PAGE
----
When Adrian G. Teel's friends heard last spring that he was leaving the Anne Arundel County government to head the Maryland Port Administration, they gave him a present they thought might come in handy: a bulletproof vest.
It was meant as a gag. Still, the black humor conveyed a sense of foreboding of the problems Mr. Teel would encounter as port director.
Over the last few years, the port of Baltimore has been a very troubled place. Steamship lines have been leaving and cargo volumes falling. Labor strife was chronic, and the port agency was running up a string of ever-growing deficits. That turbulent history cost two MPA directors their jobs in a little more than two years.
Brendan W. O'Malley, Mr. Teel's predecessor, had been asked before he stepped down what qualities the new port director would require. He responded, "A person who walks on water, that would help."
Certainly Mr. Teel cannot walk on water. He does not even have experience in the maritime industry, having spent his entire 27-year career as a manager in the Anne Arundel government and school system. How can he expect to succeed where others, seemingly better equipped, have failed?
Those who have worked with Mr. Teel think they know the answer. They describe a quiet, self-effacing man who over the course of his career has won the reputation of a consummate administrator. Engaging the loyalty of the people under him, he listens rather than directs, reaching decisions through consensus.
Of medium height with graying hair, Mr. Teel, 47, still has a boyish look about him. He is soft-spoken and does not dominate with his presence.
However, quiet should not be confused with meek, according to those who know him. Once decisions have been made and goals set, he holds his people to them with unbending determination. Those who cannot deliver what they have promised do not survive long in his organization.
"He's not a cheerleader. He does build strong personal loyalties," said Joseph N. Burrows, the Anne Arundel County controller, who worked with Mr. Teel when he was the county's chief administrative officer, the No. 2 figure under the county executive. "The assumption on his part is you're willing to do what is required. If not, you shouldn't be there."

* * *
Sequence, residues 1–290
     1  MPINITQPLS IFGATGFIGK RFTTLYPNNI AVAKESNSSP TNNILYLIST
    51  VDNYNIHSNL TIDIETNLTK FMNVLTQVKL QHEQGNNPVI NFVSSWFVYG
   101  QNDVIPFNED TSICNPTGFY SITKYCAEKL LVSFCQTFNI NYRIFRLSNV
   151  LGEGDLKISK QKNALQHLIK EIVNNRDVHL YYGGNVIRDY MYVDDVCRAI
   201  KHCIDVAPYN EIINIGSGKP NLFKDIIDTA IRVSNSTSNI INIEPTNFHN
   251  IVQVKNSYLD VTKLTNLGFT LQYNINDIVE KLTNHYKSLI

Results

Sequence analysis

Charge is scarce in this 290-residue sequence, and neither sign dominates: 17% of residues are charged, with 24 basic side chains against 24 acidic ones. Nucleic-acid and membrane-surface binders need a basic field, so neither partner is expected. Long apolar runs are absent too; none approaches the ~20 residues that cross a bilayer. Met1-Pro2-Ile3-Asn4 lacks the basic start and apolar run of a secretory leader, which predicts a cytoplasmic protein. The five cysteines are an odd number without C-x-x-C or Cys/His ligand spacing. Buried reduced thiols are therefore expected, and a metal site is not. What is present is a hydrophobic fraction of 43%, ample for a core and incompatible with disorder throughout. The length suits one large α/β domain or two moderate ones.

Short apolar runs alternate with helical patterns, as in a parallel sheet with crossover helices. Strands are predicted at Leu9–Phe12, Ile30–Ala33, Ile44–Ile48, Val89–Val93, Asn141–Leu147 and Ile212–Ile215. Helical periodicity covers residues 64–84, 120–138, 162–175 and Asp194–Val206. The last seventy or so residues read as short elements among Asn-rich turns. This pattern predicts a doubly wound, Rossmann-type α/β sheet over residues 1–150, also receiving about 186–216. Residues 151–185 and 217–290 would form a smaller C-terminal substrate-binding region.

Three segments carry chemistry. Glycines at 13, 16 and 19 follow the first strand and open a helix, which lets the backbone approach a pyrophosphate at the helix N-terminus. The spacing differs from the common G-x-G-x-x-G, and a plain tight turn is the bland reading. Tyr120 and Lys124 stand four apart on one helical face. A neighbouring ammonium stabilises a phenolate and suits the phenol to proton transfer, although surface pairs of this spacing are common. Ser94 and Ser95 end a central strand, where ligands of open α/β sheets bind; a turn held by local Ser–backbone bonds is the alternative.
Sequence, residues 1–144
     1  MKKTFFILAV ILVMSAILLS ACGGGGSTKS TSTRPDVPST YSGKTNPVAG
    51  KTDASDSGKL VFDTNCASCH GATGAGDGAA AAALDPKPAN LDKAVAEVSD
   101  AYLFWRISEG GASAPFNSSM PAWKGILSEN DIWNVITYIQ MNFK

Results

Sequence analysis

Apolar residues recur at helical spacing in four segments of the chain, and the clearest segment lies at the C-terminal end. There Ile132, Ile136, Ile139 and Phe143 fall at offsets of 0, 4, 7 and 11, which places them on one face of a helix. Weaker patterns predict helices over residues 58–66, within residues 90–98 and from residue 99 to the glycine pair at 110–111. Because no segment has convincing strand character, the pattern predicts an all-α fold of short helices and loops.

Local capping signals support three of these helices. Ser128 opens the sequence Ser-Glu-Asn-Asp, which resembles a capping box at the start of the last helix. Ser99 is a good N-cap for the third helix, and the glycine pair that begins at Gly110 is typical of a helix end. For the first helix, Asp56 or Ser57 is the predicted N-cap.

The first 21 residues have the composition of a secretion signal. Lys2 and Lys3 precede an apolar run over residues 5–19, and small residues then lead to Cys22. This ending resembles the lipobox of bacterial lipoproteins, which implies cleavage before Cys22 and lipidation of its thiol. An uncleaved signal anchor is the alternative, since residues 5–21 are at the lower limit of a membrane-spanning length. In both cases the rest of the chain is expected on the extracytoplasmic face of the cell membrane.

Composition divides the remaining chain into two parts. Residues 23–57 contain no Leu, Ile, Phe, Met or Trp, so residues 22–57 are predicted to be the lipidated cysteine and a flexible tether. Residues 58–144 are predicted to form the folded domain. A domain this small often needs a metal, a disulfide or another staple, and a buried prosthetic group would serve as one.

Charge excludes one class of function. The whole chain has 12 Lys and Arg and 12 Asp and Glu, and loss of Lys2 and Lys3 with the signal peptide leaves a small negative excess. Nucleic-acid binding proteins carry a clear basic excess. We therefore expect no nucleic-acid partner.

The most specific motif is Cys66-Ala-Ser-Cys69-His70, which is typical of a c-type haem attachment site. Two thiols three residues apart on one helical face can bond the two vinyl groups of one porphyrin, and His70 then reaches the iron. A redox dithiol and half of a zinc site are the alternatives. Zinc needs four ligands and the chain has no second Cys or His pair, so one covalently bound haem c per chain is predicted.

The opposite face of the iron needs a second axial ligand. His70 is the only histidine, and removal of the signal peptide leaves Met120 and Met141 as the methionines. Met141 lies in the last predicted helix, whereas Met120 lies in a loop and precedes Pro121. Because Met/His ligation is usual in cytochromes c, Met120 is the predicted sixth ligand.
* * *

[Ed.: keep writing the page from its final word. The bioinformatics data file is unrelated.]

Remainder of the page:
Mr. Burrows is confident Mr. Teel will succeed in turning the port around. "If he can't, I don't think I know the person who can," he said.
That view is seconded by Thomas L. Osborne, the former director of the Anne Arundel planning and zoning office who now works in Annapolis for the architectural and engineering firm of Dewberry & Davis. "He was simply outstanding as a manager," Mr. Osborne said, predicting Mr. Teel will accomplish the tasks he sets for himself. "He will do it while respecting the integrity of the people involved. He has a feel for human dignity."
The most pressing task facing Mr. Teel is to stem the flow of red ink at the port. Battered by the loss of steamship lines that pay
the bills, the MPA last year ran a deficit of $2.8 million on an operating budget of about $46 million. The agency expects a deficit this fiscal year of perhaps $4 million.
Putting a government agency's disorganized finances in order is not new to Mr. Teel. When he was named Anne Arundel's chief operating officer in 1983, the county was operating in the red and its bond rating was sliding. "It was not unlike what the port is facing right now," said Marita B. Brown, the former Anne Arundel budget officer who now holds a similar post in Prince George's County.
She said he embarked upon "an elaborate strategic planning process." Mr. Teel met regularly with department heads to work out goals. "We were evaluated, among other things, on how well we met the objectives, on how well we stayed within the plan," she said. "Everyone was given the support and encouragement they needed to succeed. . . .
"People knew what they had to do. People were pretty much left to their own devices. They were not micro-managed."
Meanwhile, failure was rooted out. "I don't think people were allowed to fail twice," she said. "There were people who sought other careers."
The result: Under Mr. Teel's administration, Anne Arundel became "the most financially stable county in the state," according to Ms. Brown.
When Mr. Teel took over administration of the county government in 1983, the county had a deficit of $1.8 million, according to Alfred Warfield, the county's assistant controller. By the end of the next fiscal year, the deficit was gone.
The county's improved financial condition under Mr. Teel was acknowledged on Wall Street. Standard & Poor's, for example, had dropped the county's bond rating a notch to AA in June 1981. But in February 1985, S&P restored the AA rating and raised it to AA+ in April 1990.